The fact that politicians seem to get away with incredibly slanderous and libelous comments has been a particular annoyance during this election campaign. Granted, it’s hard to match the invective of Donald Trump, but if we’re honest, we have to admit that he has simply normalized and amplified the growing nastiness of too much of American politics and culture.
Seen any Senate ads lately?
Of course, candidates know what they are getting into, and I suppose they can slug it out (although it does make you wonder how many nice, qualified people who would do a good job simply decline to get down and dirty), but other objects of vitriol and unsubstantiated accusations are rarely in a position to fight back.
Think about the women (I believe the number is currently 12) who summoned their courage and shared their “Trump experiences” following disclosure of the appalling “pussy tape.” They probably anticipated his rage and bluster and denial, but those reactions have been accompanied by threats of lawsuits. Trump is clearly someone who issues empty and even ludicrous threats (see: letter to the New York Times), but he has also been involved in literally thousands of actual lawsuits, and not always as a defendant. In fact, as Ed Brayton reports,
The New York Times reports that the American Bar Association prepared a report calling Donald Trump a libel bully for his decades-long use of defamation suits to stifle criticism of him, but they chickened out on releasing it because — drumroll, please — he might sue them.
The New York Times can take care of itself, but if the threat of litigation can chill and intimidate the ABA, think of the effect on even the most blameless and resolute accuser. If you lack the financial wherewithal to mount an adequate defense to a lawsuit, no matter how unfounded, the person pursuing that lawsuit starts out with a grossly unfair advantage. Even a loss is a win, when the real goal is to inflict damage.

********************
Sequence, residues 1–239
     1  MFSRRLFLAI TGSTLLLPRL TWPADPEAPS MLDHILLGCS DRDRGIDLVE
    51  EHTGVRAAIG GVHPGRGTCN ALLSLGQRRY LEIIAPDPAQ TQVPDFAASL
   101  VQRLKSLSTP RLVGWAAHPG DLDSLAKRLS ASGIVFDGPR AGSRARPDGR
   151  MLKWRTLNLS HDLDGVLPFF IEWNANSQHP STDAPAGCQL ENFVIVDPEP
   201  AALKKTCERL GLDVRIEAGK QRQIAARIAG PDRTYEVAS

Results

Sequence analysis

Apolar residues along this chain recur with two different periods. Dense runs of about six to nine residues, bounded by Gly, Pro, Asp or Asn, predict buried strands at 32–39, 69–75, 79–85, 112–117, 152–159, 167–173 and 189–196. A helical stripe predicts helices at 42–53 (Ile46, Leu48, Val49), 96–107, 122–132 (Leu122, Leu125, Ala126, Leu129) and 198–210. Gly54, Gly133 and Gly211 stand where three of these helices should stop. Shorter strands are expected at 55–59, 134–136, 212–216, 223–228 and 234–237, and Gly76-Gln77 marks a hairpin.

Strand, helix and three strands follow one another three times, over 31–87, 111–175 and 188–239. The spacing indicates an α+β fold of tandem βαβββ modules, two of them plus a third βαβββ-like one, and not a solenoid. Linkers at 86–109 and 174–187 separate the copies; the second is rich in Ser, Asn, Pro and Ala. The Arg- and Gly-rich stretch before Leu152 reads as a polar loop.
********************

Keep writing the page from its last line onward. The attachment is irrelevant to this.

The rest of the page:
This problem goes well beyond the antics of the spoiled brat running for President, and it isn’t simply relevant to libel cases. Ask any lawyer who has defended or sued on behalf of a “little guy” against a large corporation represented by a major law firm. For that matter, ask the twenty-year-old stuck in the Marion County Jail awaiting trial on a relatively minor charge, who doesn’t have money to post bail and is represented by an overworked public defender because he can’t afford private counsel.
In far too many situations–not all, but too many–justice is something only the affluent can hope for.
Americans talk a lot about the obvious problems with our justice system: (1) inexcusable delays in the federal courts because there aren’t enough judges (thanks to Mitch McConnell and the GOP lawmakers who simply refuse to fill judicial vacancies so long as Obama is nominating the candidates for those positions), (2) unarmed people getting killed because police departments’ training programs–especially in smaller communities– are spotty at best and nonexistent at worst, (3) hundreds of thousands of people–mostly black– suffering mass incarceration and lifelong stigma thanks to a Drug War that we now know had little to do with controlling drugs and lots to do with continuing Jim Crow practices (I urge everyone reading this to watch Netflix’ documentary, “13th.” It gives chapter and verse.)
There’s much more.
The good news is that there finally seems to be a bipartisan recognition of at least some of these problems and even some evidence of a willingness to address them.
Bottom line: your chances of achieving justice–whether that’s redress of a wrong done to you, or the fair and timely resolution of a charge against you–shouldn’t depend upon who is in office or what’s in your wallet.
The American justice system needs to be fixed, sooner rather than later.